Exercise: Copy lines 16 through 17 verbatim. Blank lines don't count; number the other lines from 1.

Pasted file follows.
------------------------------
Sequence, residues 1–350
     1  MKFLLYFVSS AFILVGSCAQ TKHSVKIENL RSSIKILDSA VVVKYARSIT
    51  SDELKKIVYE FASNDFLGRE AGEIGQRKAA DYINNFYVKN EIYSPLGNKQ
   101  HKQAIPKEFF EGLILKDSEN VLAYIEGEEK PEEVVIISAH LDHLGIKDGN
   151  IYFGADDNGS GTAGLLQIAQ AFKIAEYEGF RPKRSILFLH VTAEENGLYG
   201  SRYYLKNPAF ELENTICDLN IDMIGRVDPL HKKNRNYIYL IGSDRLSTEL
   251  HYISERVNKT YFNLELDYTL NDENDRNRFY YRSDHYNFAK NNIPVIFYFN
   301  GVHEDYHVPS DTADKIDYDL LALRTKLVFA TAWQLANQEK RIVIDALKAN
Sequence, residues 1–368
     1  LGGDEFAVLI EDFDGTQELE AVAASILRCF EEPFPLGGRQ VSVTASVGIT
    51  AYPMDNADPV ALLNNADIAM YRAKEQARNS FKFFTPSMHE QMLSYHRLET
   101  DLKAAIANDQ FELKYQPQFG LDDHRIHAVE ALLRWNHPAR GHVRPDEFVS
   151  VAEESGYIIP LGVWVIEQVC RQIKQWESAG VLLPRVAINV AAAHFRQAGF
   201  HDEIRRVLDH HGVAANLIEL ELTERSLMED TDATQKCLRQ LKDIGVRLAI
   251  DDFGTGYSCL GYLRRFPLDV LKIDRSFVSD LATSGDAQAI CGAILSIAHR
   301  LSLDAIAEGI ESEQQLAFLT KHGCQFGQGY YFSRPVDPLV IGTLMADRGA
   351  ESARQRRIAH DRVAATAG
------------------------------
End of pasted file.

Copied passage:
   301  LSLDAIAEGI ESEQQLAFLT KHGCQFGQGY YFSRPVDPLV IGTLMADRGA
   351  ESARQRRIAH DRVAATAG